Objectives: This paper investigates the association between implementing a personal space smoking restriction for the home or automobile, and various sociodemographic, social, behavioral, and attitudinal variables.
Methods: Approximately 1000 African-American adults (aged >18 years) residing in non-institutionalized settings were randomly selected using a cross-sectional stratified cluster sample of ten U.S. congressional districts represented by African Americans.
Results: A 62.0% and 70.4% ban was found, respectively, on smoking in homes and cars. Multivariate analysis revealed that region, marital status, number of friends who smoked, beliefs about environmental tobacco smoke (ETS), and smoking status predicted home smoking bans, while age, number of children in household, number of friends who smoked, and beliefs about ETS and smoking status predicted car smoking bans.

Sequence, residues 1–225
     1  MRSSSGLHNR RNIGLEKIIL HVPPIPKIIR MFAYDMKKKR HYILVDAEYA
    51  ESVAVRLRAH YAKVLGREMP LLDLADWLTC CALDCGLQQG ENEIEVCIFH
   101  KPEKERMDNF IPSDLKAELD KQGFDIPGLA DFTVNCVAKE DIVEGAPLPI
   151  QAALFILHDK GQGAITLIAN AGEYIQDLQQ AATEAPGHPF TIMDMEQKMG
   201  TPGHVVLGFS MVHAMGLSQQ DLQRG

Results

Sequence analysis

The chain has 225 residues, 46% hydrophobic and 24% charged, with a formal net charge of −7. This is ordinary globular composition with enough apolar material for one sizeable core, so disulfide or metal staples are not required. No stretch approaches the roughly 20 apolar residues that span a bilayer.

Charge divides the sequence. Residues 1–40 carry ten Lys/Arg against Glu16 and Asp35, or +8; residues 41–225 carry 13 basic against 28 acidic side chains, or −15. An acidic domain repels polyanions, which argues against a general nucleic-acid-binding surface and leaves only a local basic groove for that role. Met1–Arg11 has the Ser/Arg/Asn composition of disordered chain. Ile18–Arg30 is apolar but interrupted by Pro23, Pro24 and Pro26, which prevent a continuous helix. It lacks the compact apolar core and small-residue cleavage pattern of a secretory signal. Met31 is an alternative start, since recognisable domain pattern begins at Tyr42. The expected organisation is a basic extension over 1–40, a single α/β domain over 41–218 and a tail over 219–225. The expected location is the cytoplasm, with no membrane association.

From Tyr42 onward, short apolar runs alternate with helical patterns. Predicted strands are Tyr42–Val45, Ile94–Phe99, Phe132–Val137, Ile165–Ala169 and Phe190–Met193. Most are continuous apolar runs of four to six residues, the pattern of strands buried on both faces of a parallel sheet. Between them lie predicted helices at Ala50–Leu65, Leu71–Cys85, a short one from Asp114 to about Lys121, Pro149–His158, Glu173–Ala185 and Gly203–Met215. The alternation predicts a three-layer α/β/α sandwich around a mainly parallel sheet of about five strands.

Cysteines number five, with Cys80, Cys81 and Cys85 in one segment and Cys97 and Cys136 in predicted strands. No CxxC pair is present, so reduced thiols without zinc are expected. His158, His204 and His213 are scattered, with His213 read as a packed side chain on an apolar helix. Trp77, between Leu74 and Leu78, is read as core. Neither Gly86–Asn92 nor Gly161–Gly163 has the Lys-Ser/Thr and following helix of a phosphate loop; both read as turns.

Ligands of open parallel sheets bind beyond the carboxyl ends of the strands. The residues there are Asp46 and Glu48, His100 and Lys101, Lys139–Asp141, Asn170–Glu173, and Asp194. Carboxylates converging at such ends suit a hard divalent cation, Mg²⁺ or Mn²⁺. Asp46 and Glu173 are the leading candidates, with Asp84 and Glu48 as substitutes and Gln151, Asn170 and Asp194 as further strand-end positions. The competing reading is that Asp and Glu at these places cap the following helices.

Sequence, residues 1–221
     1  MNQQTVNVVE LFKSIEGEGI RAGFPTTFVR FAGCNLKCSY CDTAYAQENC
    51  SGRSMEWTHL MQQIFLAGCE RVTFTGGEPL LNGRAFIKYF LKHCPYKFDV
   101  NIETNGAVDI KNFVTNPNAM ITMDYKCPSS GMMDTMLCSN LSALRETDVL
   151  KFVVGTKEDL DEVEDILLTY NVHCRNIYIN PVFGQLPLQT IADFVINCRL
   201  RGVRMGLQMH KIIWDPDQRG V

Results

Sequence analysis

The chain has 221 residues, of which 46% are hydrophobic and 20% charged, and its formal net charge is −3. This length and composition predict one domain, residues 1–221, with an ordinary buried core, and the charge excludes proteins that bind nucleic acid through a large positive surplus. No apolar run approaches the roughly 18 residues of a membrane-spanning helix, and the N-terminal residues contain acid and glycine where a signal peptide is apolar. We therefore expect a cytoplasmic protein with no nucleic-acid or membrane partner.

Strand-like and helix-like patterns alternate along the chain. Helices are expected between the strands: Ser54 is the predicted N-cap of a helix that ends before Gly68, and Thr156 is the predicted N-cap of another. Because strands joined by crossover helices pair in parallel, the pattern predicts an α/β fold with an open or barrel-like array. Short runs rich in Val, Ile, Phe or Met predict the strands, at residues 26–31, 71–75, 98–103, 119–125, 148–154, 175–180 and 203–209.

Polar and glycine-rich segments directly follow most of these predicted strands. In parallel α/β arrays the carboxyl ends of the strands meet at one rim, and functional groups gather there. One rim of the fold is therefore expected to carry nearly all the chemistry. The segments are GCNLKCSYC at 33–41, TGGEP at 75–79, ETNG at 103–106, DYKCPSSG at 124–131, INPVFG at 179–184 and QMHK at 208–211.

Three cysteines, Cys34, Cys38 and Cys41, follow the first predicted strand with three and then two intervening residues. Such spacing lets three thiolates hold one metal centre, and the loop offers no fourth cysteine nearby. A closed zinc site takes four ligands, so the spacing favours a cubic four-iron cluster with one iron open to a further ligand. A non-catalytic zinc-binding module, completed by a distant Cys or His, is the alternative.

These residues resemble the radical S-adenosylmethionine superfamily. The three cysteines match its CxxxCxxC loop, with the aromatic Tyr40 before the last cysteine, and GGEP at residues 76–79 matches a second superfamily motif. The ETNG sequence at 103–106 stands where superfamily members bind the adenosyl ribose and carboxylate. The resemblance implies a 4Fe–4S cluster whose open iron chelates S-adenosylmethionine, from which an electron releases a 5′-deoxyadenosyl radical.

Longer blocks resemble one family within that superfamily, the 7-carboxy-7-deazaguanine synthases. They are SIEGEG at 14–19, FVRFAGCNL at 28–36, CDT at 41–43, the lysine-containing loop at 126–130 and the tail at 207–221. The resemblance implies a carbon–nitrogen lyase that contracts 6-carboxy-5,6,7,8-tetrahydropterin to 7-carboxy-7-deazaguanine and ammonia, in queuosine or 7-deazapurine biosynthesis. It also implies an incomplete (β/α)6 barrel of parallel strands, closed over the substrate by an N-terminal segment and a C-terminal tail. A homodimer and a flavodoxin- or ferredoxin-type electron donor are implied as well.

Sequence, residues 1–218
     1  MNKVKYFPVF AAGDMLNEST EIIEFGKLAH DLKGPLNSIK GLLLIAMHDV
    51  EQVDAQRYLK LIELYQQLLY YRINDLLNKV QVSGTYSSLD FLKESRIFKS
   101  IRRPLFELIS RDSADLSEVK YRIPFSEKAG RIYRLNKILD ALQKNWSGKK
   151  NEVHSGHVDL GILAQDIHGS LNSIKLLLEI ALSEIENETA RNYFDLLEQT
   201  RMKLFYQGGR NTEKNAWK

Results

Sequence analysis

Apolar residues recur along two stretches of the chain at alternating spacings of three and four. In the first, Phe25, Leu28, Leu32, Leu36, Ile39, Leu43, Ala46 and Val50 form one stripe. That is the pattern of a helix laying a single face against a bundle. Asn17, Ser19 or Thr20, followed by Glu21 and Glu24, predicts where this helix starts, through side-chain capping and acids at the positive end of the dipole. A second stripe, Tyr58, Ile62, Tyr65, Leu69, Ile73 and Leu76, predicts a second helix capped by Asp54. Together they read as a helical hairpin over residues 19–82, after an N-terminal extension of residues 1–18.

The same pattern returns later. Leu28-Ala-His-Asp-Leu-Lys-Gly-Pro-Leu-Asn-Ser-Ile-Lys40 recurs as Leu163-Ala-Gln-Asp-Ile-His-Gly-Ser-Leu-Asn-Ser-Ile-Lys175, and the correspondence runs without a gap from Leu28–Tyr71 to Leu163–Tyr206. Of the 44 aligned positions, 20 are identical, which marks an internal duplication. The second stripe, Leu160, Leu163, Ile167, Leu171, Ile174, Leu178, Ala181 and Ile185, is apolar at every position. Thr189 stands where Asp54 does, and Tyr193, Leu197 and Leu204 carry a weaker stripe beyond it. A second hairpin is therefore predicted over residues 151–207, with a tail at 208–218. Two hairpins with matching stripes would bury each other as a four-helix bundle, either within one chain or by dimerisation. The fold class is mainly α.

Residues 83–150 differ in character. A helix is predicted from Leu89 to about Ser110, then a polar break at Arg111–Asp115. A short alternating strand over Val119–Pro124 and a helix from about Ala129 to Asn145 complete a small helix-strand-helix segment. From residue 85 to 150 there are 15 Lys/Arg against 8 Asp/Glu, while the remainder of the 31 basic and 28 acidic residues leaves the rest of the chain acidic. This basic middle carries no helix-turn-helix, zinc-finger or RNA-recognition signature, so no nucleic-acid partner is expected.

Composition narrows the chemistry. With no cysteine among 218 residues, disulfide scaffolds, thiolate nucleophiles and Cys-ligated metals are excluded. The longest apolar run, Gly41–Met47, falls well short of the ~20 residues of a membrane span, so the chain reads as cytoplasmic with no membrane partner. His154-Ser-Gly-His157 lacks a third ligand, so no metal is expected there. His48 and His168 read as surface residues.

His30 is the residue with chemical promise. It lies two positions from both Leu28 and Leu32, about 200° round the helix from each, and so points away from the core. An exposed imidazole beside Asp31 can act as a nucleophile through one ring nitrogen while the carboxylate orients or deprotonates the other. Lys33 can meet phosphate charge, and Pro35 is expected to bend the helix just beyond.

Conclusions: Results suggest that a substantial segment of African Americans have accepted and translated public policy concerns about ETS into practice and reveal other variables that could be targeted in future interventions to increase implementation of personal space smoking restrictions.